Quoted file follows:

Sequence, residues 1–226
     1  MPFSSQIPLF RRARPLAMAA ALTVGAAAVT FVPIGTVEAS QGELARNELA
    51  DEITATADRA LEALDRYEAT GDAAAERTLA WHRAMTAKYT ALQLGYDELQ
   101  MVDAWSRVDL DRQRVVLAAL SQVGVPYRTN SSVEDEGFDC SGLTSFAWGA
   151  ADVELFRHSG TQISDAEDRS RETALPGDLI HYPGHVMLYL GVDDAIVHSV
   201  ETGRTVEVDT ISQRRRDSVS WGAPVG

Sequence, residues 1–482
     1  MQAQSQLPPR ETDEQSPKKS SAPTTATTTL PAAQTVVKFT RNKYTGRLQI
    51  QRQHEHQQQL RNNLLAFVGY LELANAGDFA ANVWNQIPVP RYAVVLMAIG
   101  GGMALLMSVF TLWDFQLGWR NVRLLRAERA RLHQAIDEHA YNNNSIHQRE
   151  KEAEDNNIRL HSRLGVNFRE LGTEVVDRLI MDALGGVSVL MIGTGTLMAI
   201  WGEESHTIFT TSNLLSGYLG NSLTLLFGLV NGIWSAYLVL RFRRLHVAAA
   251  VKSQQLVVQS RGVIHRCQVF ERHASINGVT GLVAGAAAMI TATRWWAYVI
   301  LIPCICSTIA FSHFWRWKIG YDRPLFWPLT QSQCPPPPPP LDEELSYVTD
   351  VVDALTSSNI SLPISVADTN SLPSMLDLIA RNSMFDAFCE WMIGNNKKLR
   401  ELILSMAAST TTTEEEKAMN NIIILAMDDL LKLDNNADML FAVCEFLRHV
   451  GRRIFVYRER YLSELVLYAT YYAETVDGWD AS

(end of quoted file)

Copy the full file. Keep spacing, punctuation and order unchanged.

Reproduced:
Sequence, residues 1–226
     1  MPFSSQIPLF RRARPLAMAA ALTVGAAAVT FVPIGTVEAS QGELARNELA
    51  DEITATADRA LEALDRYEAT GDAAAERTLA WHRAMTAKYT ALQLGYDELQ
   101  MVDAWSRVDL DRQRVVLAAL SQVGVPYRTN SSVEDEGFDC SGLTSFAWGA
   151  ADVELFRHSG TQISDAEDRS RETALPGDLI HYPGHVMLYL GVDDAIVHSV
   201  ETGRTVEVDT ISQRRRDSVS WGAPVG

Sequence, residues 1–482
     1  MQAQSQLPPR ETDEQSPKKS SAPTTATTTL PAAQTVVKFT RNKYTGRLQI
    51  QRQHEHQQQL RNNLLAFVGY LELANAGDFA ANVWNQIPVP RYAVVLMAIG
   101  GGMALLMSVF TLWDFQLGWR NVRLLRAERA RLHQAIDEHA YNNNSIHQRE
   151  KEAEDNNIRL HSRLGVNFRE LGTEVVDRLI MDALGGVSVL MIGTGTLMAI
   201  WGEESHTIFT TSNLLSGYLG NSLTLLFGLV NGIWSAYLVL RFRRLHVAAA
   251  VKSQQLVVQS RGVIHRCQVF ERHASINGVT GLVAGAAAMI TATRWWAYVI
   301  LIPCICSTIA FSHFWRWKIG YDRPLFWPLT QSQCPPPPPP LDEELSYVTD
   351  VVDALTSSNI SLPISVADTN SLPSMLDLIA RNSMFDAFCE WMIGNNKKLR
   401  ELILSMAAST TTTEEEKAMN NIIILAMDDL LKLDNNADML FAVCEFLRHV
   451  GRRIFVYRER YLSELVLYAT YYAETVDGWD AS